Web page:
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The ethical hacker.

By Andria Kades

"Seriously you have me at your service for 24 hours and the one thing you want me to hack is someone's Facebook? Not a bank account to get you more money or erase your debt...someone's Facebook account?"

That's 27-year-old Aris Savva for you, incredulous at his friend's requests. Except he's never done any of those things in his life. He's an ethical hacker.

That doesn't mean 'ethical' in the moral sense, though of course he could be, but rather it is a specialised term in the industry for someone who sits on the defence line of a network to protect from any attacks.

Part of Savvas' job description when he flies to the US next month to begin his career is to hack into his own employer's network to spot any weaknesses.

He got started when he was a kid, tinkering with computers, breaking them apart -- much to his parent's frustration.

"Yes, we had a few issues with that," he laughs, but it was a field that always fascinated him.

Bizarrely, he was taught how to hack at university when he went to the UK and obtained a degree in 'ethical hacking and security system design'.

"We learnt how to hack and not leave a trace."

Fascinating though it sounds, the university discontinued the course.

He then completed his masters in computer forensics where he investigated how dangerous chatrooms may be for children and how programs, such as games, could be introduced to teach them to be wary of any predators.

Next month, he submits his PhD on intrusion detection systems.

Learning to hack however is by no means a form of education exclusively provided by universities. Many hackers are self taught and plenty of security breaches have come from teenagers in school.

Even the director of the CIA John Brennan was not immune when his personal email account was hacked last year.

One 15-year-old who said he was part of the six-member group 'Crackas with Attitude' that carried out the attack said they were all under the age of 22.

The attack was according to them superbly easy, ranking it on a scale of one to 10 with a one, with one self purported hacker saying he was probably high while hacking into the account.

Savva says in this day and age nothing is ever 100 per cent secure. As long as there is a human factor involved in setting up the defence there will always be a way to get through it.

While you may be in a cafe scrolling through Facebook after connecting to the wifi, it would take five minutes tops to hack into your data, he adds.

Software now can test a combination of potential passwords to try get into your account without manually trying different possibilities and risking you being alerted of a hack.

The safest thing people can do, Savva says is use a 16-digit password with numbers, symbols and some letters in capital that may take the software five years to crack. But if someone is specifically targeting you, it will take much less time.

Poking around at Cyprus' own security, he says the island is seriously lacking in its computer network security lines.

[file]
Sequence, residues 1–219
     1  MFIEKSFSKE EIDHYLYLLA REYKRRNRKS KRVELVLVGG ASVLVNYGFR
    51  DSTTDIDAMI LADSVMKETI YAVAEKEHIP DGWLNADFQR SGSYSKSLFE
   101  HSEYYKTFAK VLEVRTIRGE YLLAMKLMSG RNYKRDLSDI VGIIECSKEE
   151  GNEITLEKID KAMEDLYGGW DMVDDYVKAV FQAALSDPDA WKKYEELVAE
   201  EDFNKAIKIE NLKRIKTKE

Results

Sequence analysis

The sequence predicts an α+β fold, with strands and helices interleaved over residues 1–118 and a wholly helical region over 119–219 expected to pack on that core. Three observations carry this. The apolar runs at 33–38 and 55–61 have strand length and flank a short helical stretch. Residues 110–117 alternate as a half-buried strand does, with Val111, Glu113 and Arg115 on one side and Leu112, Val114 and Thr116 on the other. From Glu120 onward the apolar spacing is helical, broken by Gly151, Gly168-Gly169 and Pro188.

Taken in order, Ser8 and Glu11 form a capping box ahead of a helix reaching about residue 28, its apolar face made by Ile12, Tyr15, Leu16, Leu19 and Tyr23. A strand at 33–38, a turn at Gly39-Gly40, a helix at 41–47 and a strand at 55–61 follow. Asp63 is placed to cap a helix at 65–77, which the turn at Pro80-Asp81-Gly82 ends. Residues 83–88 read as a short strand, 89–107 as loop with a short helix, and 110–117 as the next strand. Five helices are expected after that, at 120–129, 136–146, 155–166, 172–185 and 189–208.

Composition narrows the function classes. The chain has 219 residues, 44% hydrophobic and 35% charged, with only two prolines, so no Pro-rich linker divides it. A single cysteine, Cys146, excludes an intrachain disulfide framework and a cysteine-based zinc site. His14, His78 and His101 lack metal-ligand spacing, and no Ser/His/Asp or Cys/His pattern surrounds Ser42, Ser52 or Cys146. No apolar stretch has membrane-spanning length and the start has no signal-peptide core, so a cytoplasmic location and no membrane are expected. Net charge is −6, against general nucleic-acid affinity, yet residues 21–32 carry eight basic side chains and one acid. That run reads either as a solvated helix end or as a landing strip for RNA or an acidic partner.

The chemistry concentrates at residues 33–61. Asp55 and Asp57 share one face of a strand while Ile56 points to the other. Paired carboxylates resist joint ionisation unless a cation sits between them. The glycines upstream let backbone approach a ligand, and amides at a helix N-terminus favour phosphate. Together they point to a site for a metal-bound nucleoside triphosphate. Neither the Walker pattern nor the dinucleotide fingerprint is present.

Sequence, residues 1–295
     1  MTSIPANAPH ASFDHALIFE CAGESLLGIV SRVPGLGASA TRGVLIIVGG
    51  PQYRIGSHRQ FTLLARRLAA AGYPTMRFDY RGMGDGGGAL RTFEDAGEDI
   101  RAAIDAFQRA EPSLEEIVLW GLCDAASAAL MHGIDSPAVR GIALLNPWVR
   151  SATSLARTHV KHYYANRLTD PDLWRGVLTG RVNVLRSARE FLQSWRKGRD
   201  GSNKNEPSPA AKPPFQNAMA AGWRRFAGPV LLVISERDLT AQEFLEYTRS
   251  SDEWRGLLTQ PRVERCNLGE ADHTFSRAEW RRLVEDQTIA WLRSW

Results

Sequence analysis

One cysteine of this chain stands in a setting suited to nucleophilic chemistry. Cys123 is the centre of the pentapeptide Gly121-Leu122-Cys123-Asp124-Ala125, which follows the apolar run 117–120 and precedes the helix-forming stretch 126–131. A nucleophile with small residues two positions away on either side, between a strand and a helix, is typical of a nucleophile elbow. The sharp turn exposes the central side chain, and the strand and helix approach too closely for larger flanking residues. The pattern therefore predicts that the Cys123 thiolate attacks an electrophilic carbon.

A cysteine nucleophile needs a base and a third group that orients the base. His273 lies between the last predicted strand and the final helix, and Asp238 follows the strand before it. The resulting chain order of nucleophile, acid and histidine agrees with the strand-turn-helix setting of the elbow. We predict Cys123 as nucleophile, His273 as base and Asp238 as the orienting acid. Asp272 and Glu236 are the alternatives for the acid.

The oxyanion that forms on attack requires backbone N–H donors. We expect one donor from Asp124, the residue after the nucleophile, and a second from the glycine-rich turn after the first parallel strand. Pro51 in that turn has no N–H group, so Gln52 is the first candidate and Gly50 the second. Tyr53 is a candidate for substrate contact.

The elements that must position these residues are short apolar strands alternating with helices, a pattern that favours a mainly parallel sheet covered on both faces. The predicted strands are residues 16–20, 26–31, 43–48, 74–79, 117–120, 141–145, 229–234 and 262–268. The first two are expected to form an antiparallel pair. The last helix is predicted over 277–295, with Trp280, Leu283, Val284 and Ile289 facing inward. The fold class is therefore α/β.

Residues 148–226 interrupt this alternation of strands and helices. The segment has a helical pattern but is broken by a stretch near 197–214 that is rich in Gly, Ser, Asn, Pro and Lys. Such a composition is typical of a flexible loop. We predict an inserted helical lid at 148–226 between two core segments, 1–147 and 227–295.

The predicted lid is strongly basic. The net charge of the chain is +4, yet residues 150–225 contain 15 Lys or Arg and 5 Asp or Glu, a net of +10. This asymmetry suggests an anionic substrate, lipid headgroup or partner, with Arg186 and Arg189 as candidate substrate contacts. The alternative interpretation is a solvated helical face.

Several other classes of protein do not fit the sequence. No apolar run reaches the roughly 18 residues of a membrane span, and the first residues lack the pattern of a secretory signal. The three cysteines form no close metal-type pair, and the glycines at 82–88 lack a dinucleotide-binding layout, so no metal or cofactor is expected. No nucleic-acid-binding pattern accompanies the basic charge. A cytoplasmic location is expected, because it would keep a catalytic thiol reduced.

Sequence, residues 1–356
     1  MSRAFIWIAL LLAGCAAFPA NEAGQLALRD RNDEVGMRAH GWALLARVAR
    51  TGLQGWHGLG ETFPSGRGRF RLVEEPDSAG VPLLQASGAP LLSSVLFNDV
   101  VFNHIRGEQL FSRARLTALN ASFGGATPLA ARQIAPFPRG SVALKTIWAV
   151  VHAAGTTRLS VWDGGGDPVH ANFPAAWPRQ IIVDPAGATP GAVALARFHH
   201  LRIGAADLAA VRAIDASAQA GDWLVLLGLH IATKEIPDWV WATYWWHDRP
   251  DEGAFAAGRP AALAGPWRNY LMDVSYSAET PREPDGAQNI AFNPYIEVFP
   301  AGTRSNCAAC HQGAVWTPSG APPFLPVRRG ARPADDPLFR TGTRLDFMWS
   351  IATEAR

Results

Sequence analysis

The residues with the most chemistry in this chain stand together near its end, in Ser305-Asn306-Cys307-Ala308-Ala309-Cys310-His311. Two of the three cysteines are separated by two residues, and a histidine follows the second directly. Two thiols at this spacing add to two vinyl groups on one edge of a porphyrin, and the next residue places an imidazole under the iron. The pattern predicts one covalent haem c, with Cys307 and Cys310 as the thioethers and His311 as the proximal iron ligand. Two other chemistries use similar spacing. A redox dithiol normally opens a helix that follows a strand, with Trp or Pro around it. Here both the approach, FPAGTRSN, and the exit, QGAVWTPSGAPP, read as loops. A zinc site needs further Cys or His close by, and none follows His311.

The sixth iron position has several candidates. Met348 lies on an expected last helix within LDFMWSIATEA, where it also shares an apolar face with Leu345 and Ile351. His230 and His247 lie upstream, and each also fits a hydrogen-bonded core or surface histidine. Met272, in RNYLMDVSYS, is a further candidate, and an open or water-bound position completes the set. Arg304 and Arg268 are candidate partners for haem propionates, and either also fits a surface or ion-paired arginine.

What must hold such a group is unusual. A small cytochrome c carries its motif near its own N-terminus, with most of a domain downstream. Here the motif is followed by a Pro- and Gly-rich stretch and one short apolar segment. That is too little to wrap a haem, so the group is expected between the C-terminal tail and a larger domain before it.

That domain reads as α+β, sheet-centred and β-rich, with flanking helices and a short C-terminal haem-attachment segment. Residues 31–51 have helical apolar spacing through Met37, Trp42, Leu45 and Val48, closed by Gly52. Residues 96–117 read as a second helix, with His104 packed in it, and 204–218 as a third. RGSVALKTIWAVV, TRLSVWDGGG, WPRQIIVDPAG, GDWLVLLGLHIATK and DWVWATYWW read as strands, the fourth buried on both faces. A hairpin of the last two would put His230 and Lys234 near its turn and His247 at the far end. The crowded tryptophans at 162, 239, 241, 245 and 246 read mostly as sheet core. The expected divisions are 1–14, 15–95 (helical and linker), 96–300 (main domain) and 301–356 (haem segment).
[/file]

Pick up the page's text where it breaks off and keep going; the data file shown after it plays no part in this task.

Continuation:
Banks, the army, the ministry of defence -- those that you might think should have the most digital protection -- Savva says are all way too easy to hack.

"In Cyprus we have one manager for the IT department and when told a system to make the network secure costs e1/47,000, he'll turn around and say e1/4500."

No wonder even hospitals, which contain personal patient data, are superbly easy to access, he says.

Has he ever hacked someone or something before?

Never, Savva insists. But was he never tempted to? The things he could find out only from the touch of his fingertips?

"I haven't simply because I know that once you start, you can't stop. It's very addictive."

If he did hack, what would he target?

Sounding a little bit like the Robin Hood of the digital era, Savva says he'd hack into Cyprus' entire banking system (which apparently "is very easy") and erase people's debt.

He'd also want to find information that could serve to protect people.

"For instance, if I knew about the haircut [March 2103], I would want people to find out about it. Not just the few that did know and took their money out of their country before hand."

Would this kind of hacking count as ethical?

Although the moral compass may be pointing the right way, Savva says such actions are very much illegal -- no matter what intentions are behind them.

"Actually hacking is one of the crimes that's harder to defend than murder because you can't say you didn't know what you were doing. You took very specific steps to achieve a certain goal."

Last year, police had warned the public about a trap they might fall into after it came to the attention an attractive woman would send friend requests through Facebook or Skype.

She would then initiate a video chat and begin stripping, but unbeknownst to them, their PC camera had been hacked and was recording them. A ransom was demanded of them so the video wouldn't be leaked online.

Savva says he traced the hacker to Cote d'Ivoire and handed over the information to police.

This dividing line between ethical hacking and illegal hacking marks two different worlds -- the legal kind and the illegal, but when people see his degree contains the word 'hacking' even though it follows the word 'ethical' they group him in the same category.

"A lot of people in Cyprus don't hire me because they see the word hacker and assume the illegal kind."

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Publication:Cyprus Mail (Cyprus)
Geographic Code:4EXCY
Date:Jun 12, 2016
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